A report commissioned by the Indian Department of Commerce and carried out by UNCTAD's Indian team challenges the EU's argument that decoupled aid payments have only a minimal trade distorting effect. According to the researchers' model, EU farm exports would fall by a massive 45 per cent if Green Box subsidies were removed and production would fall by close to 6 per cent.

The EU, US and Canada would all see exports decline by upwards of 40 per cent in the absence of Green Box payments, while Swiss and Japanese exports would fall by over 60 per cent. However, most developing countries would see exports increase by around 20 per cent.

The Green Box issue remains open within the suspended Doha Round negotiations. However, given the EU's attachment to its decoupled Single Farm Payment system, the bulk of which falls into the Green Box, it is unlikely that any Doha Round settlement will lead to changes in the Green Box. However, there could be provision for further discussion of what can legitimately be placed in the box, putting a time bomb under the whole CAP.

Subsidy data to be made public

EU citizens in all member states should soon be able to find out who gets what in terms of farm subsidies, following a decision by Coreper. This may help to create further public pressure for CAP reform.

Ambassadors agreed 'in principle' to open national farm accounts to public scrutiny. However, the decision requires agreement from the European Parliament which hopefully can be obtained by the end of November. It remains unclear whether the Commission or member states will be responsible for publishing the subsidy data, the Commission being reluctant to take responsibility for publishing information it cannot verify.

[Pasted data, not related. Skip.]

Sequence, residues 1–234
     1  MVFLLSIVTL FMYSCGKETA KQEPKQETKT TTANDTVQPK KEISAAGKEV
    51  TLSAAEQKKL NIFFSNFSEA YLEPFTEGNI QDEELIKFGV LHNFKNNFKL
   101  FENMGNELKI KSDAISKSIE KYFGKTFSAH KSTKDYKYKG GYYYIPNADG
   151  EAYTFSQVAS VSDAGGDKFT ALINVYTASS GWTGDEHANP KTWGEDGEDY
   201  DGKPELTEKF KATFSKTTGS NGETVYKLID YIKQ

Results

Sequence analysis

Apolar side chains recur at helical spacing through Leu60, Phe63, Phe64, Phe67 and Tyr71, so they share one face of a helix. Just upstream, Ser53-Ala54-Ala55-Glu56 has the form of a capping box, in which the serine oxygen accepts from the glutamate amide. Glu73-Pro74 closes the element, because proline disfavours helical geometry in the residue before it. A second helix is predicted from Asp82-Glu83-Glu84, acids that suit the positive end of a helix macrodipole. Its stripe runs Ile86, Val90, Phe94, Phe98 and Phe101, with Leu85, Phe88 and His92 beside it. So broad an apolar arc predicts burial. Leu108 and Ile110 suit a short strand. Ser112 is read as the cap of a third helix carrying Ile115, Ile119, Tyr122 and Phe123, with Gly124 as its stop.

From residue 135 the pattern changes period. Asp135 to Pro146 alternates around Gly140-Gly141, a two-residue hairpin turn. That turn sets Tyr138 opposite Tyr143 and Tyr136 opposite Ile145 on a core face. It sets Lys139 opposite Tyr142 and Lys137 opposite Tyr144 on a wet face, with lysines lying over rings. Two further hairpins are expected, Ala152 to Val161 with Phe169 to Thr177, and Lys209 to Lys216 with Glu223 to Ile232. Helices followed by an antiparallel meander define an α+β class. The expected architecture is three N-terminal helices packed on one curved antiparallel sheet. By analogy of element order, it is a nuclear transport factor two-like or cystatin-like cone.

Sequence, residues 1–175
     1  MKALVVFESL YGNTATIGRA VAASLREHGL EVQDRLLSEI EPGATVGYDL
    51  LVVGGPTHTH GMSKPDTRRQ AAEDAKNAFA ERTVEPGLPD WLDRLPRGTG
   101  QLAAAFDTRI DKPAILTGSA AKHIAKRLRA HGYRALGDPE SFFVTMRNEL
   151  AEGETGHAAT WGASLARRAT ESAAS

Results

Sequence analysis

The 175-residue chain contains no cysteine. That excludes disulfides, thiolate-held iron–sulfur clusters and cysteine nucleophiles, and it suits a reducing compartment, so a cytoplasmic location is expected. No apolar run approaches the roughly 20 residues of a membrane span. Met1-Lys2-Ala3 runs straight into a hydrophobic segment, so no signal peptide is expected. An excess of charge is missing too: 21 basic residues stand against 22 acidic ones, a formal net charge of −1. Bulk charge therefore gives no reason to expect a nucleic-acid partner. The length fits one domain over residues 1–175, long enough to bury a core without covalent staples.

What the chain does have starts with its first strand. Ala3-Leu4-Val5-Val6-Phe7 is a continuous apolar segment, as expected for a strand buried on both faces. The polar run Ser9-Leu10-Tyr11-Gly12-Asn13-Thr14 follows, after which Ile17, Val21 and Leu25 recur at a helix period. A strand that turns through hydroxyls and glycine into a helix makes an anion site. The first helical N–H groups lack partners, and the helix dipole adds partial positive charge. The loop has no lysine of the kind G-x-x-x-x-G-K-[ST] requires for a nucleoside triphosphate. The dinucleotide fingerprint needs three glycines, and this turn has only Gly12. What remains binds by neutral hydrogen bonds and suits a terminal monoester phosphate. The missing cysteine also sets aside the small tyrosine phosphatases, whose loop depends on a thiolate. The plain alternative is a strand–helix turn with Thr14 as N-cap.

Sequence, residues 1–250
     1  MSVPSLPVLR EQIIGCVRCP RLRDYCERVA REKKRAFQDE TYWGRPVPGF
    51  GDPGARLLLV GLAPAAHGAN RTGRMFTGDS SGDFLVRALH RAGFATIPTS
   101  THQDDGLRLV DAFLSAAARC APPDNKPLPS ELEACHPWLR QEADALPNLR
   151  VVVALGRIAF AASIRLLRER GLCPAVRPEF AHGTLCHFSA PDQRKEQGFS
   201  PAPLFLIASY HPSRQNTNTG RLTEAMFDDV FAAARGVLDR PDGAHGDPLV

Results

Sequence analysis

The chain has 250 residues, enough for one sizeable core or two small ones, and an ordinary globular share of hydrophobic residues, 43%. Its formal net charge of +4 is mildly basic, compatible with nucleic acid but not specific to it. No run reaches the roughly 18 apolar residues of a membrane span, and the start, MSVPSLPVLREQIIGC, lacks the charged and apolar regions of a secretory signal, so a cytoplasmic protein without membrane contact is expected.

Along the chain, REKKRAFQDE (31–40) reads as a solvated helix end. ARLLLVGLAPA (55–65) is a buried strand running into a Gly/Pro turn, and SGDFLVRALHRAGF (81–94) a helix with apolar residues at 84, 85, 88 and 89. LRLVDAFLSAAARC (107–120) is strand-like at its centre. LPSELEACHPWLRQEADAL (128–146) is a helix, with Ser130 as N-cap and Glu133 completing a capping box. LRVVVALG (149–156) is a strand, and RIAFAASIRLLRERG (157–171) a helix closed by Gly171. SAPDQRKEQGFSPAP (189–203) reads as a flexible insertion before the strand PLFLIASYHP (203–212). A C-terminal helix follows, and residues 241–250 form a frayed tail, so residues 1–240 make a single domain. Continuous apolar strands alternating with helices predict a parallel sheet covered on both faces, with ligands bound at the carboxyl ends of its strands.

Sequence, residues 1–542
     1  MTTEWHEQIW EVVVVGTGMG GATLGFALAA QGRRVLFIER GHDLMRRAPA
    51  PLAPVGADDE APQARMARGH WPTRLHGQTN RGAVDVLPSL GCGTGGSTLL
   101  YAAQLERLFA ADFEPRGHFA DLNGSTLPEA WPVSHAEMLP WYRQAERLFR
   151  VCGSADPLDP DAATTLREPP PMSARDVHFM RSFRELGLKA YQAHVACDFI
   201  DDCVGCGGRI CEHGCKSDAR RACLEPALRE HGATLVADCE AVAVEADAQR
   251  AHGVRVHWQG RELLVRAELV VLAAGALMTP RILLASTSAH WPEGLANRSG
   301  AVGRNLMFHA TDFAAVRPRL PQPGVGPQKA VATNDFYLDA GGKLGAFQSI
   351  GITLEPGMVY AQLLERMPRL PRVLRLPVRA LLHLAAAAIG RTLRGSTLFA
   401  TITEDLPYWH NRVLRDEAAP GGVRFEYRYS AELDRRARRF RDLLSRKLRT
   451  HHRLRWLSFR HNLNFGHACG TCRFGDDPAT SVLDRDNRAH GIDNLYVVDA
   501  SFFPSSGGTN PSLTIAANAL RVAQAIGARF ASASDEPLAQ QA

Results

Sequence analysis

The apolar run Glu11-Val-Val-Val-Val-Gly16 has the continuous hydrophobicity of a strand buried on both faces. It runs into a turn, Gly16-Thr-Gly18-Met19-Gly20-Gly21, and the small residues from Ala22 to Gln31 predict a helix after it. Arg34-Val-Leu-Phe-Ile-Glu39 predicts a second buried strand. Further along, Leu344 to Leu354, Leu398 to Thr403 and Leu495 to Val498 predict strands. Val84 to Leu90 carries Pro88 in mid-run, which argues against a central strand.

France is continuing to demand that no subsidy disclosures are made before 2009 when the presidential elections will be safely out of the way. Jack Thuston from the transparency campaign commented, 'It's great news that European governments are endorsing transparency. But it is quite wrong that we should be kept in the dark until 2009, as the French government is reported to be insisting upon. It now falls to elected Members of the European Parliament to stand up for the rights of those they represent. European citizens have a right to know who gets what from the EU and why. Secrecy is bad for European civil society and bad for the reputation of European institutions.'

Even if the public do become indignant at the size of the handouts given to already prosperous farmers, fundamental reform is likely to encounter continying resistance from the Commission. Commissioner Mariann Fischer Boel has dismissed Defra's reform document as 'incoherent' with 'a complete lack of analysis behind this paper' in an appearance before the House of Commons Environment, Food and Rural Affairs select committee. When I appeared before the committee, I argued that the paper was a strong one, but the problem was the lack of a political strategy to put it into effect.